“If you know the enemy and know yourself, you need

not fear the result of a hundred battles.”

–Sun Tzu, “The Art of War” ”

The lop-sided Pakistan-India joint statement issued at Ufa, which tilts heavily in favour of India, is the outcome of unrealism on the part of the Pakistani side compounded by incompetence. It reflects inadequate understanding by the Pakistani leadership of the Indian strategic goals in the region, the chauvinistic character of the Modi-led Indian government, and the challenges that they pose to Pakistan’s security. As the famous Chinese scholar, Sun Tzu, pointed out, “If you know neither the enemy nor yourself, you will succumb in every battle.”

What are India’s strategic goals in South Asia? The answer to this question has been conclusively provided by the Indian policy makers and writers. The foremost Indian strategic goal is to establish its hegemony in South Asia so that it is able to exercise veto power over what happens in the region. Indian security analyst C. Raja Mohan unequivocally stated in an article in the Foreign Affairs issue of July-August, 2006 that “India’s grand strategy divides the world into three concentric circles. In the first, which encompasses the immediate neighbourhood, India has sought primacy and a veto over actions of outside powers.”

Foreign scholars and observers have taken note of Indian hegemonic designs. Zbigniew Brzezinski in his recent book “Strategic Vision—-America and the Crisis of Global Power” mentions, “Indian strategists speak openly of a greater India exercising a dominant position in an area ranging from Iran to Thailand. India is also positioning itself to control the Indian Ocean militarily.” Indian hegemonic designs have also been acknowledged by Henry Kissinger in his latest book, “World Order”. He points out that on the pattern of the Monroe Doctrine which laid down a special role for the US in the Western Hemisphere, India is striving to carve out a special role for itself in the Indian Ocean region between the East Indies and the Horn of Africa. He stresses that “India in the region of its special strategic interests conducts its policy on the basis of its own definition of a South Asian order” obviously with India at its centre as the determining factor.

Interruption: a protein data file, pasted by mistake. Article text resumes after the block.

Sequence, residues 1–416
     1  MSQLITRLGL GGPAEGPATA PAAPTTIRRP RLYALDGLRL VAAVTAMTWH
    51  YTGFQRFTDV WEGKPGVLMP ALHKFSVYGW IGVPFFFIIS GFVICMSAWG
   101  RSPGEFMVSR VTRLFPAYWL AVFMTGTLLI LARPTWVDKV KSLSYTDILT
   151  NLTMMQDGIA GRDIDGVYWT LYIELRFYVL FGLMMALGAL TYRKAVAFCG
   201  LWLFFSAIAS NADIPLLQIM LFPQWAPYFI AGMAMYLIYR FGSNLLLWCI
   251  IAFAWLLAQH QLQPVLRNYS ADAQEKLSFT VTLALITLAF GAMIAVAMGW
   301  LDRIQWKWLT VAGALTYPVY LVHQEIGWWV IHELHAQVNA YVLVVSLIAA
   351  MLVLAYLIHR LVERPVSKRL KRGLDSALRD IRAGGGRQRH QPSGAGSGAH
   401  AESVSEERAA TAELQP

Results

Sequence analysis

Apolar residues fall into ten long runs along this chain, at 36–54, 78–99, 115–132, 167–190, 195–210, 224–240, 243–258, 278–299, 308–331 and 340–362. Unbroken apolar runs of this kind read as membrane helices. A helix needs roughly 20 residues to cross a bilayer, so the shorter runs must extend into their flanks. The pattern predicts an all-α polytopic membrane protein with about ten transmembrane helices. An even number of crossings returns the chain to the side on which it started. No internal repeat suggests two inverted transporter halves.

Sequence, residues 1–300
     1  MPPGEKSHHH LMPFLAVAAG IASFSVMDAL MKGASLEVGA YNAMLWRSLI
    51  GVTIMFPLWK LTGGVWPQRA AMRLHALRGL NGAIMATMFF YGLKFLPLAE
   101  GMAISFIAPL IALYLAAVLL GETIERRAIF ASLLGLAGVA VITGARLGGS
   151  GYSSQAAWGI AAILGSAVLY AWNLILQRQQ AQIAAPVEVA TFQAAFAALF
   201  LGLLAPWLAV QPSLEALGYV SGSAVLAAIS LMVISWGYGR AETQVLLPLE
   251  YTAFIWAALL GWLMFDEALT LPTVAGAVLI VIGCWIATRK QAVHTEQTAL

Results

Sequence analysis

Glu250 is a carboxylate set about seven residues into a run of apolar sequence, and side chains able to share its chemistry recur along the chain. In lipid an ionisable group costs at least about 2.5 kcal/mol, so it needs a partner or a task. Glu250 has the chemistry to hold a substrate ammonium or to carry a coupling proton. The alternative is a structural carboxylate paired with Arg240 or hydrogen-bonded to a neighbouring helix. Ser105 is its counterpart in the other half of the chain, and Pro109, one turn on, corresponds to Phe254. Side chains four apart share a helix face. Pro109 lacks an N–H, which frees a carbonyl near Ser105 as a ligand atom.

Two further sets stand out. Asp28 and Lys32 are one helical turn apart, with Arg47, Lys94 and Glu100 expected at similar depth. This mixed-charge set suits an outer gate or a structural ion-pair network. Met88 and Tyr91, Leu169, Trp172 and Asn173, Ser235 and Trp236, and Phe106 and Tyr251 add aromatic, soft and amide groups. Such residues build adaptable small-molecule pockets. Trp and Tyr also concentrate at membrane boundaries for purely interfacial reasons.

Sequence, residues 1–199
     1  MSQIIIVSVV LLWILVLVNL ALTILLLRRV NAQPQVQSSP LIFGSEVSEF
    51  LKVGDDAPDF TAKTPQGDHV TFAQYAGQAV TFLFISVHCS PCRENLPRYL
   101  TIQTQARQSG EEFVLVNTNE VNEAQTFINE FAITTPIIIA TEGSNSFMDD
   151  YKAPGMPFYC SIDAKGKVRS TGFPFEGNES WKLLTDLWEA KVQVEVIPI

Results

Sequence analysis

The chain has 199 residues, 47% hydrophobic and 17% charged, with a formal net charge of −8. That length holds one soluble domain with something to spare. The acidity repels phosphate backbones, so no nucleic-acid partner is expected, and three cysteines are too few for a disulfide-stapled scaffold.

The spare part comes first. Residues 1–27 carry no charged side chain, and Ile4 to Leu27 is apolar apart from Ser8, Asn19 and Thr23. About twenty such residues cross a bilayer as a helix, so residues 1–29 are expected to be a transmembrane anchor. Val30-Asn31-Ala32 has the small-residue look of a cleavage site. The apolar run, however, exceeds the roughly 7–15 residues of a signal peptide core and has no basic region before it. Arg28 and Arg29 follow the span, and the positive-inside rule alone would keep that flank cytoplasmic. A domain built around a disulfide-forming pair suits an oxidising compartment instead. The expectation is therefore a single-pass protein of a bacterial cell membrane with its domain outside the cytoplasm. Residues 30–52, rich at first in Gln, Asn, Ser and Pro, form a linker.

For the foreseeable future, New Delhi’s hegemonic designs in South Asia will remain a constant factor that Pakistan’s policy makers will have to contend with in the formulation of its India policy. Unfortunately, Prime Minister Nawaz Sharif and his foreign policy team seem to believe that by appeasing India they would be able to persuade it to give up its hegemonic ambitions and deal with Pakistan on the basis of sovereign equality and mutual respect. This is likely to remain a pipe dream. In fact, as ample historical evidence shows, our current policy of appeasement of India will embolden it to raise its demands on Pakistan. This is precisely what has happened in Pakistan-India relations since Pervez Musharraf’s virtual capitulation, on the rebound from Agra, in the form of the Pakistan-India joint statement of 6 January, 2004.

While the Lahore Declaration of 21 February, 1999 had given the pride of place to Kashmir in the first operative clause, the Pakistan-India joint statement of 6 January, 2004 consigned the issue to the second last paragraph. The issue of terrorism instead was given much more prominence in that statement. Even worse, the wording of the fourth paragraph dealing with terrorism was such as to leave the impression that Pakistan in the past had permitted its territory to be used for terrorism contrary to its declared policy. Nevertheless, the joint statement contained the agreement of the two sides to commence the process of the composite dialogue in February, 2004.